We are nearly closing yet another successful and productive year for mortgage advisers in the new-build market, riding the wave created by the huge focus on the country’s need for more housing.
It is a sector supported by government initiatives, not least the popular and straightforward Help to Buy equity loan scheme, five years old next April. Since this facility caught the attention of first-time buyers, it has been a case of whether housebuilders can keep up with the strong demand for new homes.
That said, as we look ahead to 2018 and the continued political and economic uncertainties, we already know it will be a critical year for Brexit negotiations.
The final agreement may or may not adversely impact on consumer confidence in the housing market. It is a case of wait and see.
The country is still taking full advantage of the demand for new housebuilding right across the land.
Before that — and by the time you read this — Chancellor Philip Hammond will have made his Autumn Budget speech. Will there be any move on stamp duty to assist the market? An early Christmas present perhaps for first-time buyers? Or more effort from the Government to implement the white paper initiatives announced back in February but delayed by changing housing ministers and, of course, June’s fire tragedy at Grenfell Tower in London?
Earlier this autumn, the industry widely welcomed the prime minister’s announcement that a further £10bn injection had been granted to the Help to Buy scheme in England to ensure it met demand through to 2021.
Advisers continue to have this in their product armoury for the next three years. For private developers, however, their eyes are firmly set beyond 2021 as they try to second-guess government support for housebuilding and how the country’s economy may look outside the EU.
We expect Hammond to have provided more guidance on this in the Budget, along with other announcements to boost the supply of homes, particularly affordable ones. If not, the longer-term apprehension about what lies beyond 2021 will remain.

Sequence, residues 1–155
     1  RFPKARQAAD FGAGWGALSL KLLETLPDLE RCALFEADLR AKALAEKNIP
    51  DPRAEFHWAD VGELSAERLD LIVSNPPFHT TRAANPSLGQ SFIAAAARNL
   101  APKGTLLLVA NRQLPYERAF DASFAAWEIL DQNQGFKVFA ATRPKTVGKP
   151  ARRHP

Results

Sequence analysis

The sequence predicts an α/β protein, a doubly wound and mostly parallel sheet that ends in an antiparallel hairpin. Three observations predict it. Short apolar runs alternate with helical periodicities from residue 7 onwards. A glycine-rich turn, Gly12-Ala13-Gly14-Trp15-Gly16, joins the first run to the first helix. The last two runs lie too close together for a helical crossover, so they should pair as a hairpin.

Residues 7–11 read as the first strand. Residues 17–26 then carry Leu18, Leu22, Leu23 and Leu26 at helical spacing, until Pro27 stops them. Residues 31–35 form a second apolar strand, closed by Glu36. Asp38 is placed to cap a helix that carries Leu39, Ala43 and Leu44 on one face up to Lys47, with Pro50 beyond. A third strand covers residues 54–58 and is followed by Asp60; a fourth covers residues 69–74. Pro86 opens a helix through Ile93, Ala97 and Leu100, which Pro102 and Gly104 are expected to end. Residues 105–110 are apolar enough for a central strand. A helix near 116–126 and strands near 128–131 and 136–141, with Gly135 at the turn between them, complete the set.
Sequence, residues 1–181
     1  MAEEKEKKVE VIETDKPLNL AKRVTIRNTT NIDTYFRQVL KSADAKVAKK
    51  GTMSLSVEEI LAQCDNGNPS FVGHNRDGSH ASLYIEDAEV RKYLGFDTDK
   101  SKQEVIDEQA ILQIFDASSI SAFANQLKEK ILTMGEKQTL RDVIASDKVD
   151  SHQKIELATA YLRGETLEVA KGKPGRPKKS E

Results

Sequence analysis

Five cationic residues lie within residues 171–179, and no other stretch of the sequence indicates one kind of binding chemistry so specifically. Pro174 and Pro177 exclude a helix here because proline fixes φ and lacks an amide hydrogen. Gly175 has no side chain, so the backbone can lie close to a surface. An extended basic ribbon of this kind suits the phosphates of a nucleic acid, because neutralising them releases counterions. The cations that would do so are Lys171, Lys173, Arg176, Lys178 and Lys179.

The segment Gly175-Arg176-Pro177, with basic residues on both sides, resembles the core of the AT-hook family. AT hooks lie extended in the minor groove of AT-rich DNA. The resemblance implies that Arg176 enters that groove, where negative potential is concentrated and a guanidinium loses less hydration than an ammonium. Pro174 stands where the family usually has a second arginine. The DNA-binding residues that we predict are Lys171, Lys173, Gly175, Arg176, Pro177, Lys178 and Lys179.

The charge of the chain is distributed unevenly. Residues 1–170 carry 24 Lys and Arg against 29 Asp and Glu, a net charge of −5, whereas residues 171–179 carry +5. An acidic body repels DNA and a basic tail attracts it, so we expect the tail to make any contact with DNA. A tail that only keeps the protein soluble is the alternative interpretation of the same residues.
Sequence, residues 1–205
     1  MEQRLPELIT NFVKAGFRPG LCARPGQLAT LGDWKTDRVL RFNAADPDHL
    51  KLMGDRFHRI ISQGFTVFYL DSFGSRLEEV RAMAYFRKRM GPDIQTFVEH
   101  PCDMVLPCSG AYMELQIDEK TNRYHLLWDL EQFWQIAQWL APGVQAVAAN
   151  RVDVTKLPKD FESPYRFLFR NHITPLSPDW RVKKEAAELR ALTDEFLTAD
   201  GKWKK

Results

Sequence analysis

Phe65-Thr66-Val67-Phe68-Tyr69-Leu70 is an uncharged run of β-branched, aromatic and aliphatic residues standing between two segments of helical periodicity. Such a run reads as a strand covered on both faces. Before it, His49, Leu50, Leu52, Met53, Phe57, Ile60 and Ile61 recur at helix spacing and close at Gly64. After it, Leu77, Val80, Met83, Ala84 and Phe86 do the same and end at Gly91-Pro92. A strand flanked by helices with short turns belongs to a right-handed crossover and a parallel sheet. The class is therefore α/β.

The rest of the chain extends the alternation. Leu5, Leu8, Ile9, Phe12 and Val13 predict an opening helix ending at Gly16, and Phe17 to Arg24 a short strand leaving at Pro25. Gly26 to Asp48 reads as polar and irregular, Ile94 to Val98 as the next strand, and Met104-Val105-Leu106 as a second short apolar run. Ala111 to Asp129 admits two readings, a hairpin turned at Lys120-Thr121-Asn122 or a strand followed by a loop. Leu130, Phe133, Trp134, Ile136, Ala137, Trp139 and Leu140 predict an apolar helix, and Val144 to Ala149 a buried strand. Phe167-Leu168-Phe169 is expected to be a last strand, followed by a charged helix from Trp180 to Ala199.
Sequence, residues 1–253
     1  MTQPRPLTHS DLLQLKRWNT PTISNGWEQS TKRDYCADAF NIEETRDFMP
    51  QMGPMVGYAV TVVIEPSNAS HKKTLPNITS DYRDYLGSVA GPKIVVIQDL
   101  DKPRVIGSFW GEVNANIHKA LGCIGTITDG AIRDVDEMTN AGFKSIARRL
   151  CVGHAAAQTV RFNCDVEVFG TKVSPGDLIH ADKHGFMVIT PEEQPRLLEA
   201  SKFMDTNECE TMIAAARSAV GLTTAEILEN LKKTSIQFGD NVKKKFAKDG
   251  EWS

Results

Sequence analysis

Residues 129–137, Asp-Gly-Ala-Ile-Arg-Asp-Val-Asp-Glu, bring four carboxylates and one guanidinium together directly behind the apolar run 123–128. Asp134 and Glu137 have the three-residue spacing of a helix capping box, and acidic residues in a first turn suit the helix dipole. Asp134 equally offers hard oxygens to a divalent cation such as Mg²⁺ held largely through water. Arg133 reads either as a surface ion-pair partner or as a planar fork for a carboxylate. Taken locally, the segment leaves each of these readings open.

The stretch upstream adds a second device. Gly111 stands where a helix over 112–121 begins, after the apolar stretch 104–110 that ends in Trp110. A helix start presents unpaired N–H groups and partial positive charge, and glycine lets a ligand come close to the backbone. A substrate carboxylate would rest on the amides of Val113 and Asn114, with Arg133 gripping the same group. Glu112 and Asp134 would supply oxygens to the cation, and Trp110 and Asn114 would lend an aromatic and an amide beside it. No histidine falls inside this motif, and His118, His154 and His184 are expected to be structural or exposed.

This concern was underlined by Home Builders Federation policy director David O’Leary in a recent article in Housebuilder magazine, laying out a variety of options for the future of Help to Buy in order to avoid another type of ‘cliff edge’ scenario, in 2021.
While there are many options that may come into play, O’Leary concludes that “adjustments to the maximum equity loan level for non-first-time buyers would probably have the least disruptive influence on the majority of builders or buyers”.
All in all, though, it has been pleasing to see some very positive statistics backing up the wider wellbeing of the new-build industry. The National House Building Council reported that new-home registrations had struck their highest third-quarter total for a decade, with almost 38,000 new homes registered, a 6 per cent increase on the same period last year.
Seven out of 12 UK regions experienced registration growth during Q3 2017 against 2016. Among those areas with the most significant growth were the West Midlands, East Midlands, eastern England, the North-east and Scotland. The region with the most notable fall was Greater London.
The final Brexit agreement may or may not adversely impact on consumer confidence in the housing market
Given these registration figures were recorded in the summer period, we can expect a continued rollout of completions over this winter and well into 2018.
Also, for England, the Department for Communities & Local Government recorded the most planning applications granted in a 12-month period — 384,000 in the year to June 2017 — which, while not all for residential use, goes to show the country is still taking full advantage of the demand for new housebuilding right across the land.
A distraction for business owners in what will be a pivotal year for the country comes in the form of more regulatory legislation that fundamentally changes how businesses manage customers’ information.
The EU’s General Data Protection Regulation is set to come into force on 25 May and will affect all firms, particularly those that receive leads from corporate introducers — including in the new-build sector— housebuilders and developers.
So there is plenty for us all to consider and plan for over the Christmas and New Year holiday.
James Chidgey is new homes relationship manager at Mortgage Advice Bureau